UCA's 10th President
President Tom Courtway was appointed the 10th president of the University of Central Arkansas by the UCA Board of Trustees in December, 2011. Courtway was serving as interim president when appointed.
UCA first hired Courtway as general counsel in 2002. He left in late 2003 to serve as interim director of the Arkansas Department of Higher Education and returned to UCA as general counsel in 2004. In December 2005, Courtway became vice president of Hendrix College in Conway until August 2006, when he returned to UCA as vice president and general counsel.
Highlights of Courtway’s service as president include the adoption of an official university seal; opening of Bear Hall, a 122,200 square-foot residence hall, which also houses UCA’s Athletics Department offices and skyboxes overlooking Estes Stadium; and the construction of a 200-seat campus amphitheater.
Courtway practiced law for several years in Arkansas. He worked with the Wright, Lindsey, & Jennings Law Firm in Little Rock from 1986 to 1993, when he moved to Conway to establish his own practice. In 1995, he joined the Brazil Law Firm in Conway, and in 2000, opened the Courtway & Osment Law Firm in Conway where he remained until 2002.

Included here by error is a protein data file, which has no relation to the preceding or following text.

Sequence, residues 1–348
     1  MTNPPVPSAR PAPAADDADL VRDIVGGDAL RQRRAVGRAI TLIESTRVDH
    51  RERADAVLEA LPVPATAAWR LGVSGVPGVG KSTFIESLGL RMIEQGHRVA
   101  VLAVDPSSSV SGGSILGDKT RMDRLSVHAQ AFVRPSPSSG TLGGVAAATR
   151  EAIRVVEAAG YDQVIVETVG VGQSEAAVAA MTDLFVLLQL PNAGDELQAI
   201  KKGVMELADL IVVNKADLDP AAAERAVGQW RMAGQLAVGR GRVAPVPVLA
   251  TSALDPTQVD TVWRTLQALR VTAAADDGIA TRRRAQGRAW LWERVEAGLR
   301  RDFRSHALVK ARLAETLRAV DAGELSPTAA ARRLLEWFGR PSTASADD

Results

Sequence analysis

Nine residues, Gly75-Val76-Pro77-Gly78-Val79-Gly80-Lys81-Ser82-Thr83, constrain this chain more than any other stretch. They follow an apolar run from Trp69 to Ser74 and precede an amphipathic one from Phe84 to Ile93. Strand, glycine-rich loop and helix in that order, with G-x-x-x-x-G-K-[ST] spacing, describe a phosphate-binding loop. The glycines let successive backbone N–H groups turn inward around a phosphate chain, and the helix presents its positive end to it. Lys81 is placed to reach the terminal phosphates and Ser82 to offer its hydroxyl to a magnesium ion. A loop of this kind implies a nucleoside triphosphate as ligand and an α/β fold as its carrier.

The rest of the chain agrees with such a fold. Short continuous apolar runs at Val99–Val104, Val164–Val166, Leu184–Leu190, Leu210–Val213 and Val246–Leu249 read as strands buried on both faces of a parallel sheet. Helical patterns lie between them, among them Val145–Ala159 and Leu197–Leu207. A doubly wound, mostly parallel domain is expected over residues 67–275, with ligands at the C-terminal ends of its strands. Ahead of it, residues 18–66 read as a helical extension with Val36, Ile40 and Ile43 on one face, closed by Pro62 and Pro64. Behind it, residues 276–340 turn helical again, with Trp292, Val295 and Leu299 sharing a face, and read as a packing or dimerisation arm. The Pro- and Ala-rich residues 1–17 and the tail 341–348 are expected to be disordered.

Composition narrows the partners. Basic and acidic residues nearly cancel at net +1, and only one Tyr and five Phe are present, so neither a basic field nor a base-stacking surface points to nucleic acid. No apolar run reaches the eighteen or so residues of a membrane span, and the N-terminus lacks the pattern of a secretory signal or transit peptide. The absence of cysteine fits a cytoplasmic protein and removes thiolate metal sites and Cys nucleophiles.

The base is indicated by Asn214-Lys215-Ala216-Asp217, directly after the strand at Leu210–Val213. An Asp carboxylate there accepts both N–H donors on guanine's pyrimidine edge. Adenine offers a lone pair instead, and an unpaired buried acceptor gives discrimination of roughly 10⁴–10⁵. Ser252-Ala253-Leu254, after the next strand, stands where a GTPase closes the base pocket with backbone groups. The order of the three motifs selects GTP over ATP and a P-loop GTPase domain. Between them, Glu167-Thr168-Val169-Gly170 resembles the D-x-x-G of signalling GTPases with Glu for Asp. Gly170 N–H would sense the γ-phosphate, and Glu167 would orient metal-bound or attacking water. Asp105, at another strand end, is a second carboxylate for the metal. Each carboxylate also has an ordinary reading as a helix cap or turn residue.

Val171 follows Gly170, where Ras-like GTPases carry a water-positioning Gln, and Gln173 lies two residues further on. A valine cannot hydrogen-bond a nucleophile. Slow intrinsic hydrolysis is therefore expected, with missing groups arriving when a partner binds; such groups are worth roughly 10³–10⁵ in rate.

Courtway served in the Arkansas House of Representatives from 1995 to 2001. During his time representing District 45, he chaired the Revenue and Tax Committee. He also served on the Agriculture & Economic Development Committee, the Judiciary Committee, and the Insurance & Commerce Committee.
He worked in Washington D.C. as a legislative aide for U.S. Senators Dale Bumpers and David Pryor from 1979 to 1982 and from 1983 to 1986 respectively.
Courtway earned a bachelor of arts degree in economics and business from Hendrix College in 1974, a juris doctorate with honors from the University of Arkansas School of Law in 1978, and an M.L.T. from Georgetown University in 1983.
Courtway was born in Wynne, Arkansas. He graduated from Conway High School in 1971. His father, Bob, taught at Hendrix College for close to 30 years, and his mother, Betty, was a public school kindergarten teacher.
He and his wife, Melissa, have four sons and two granddaughters.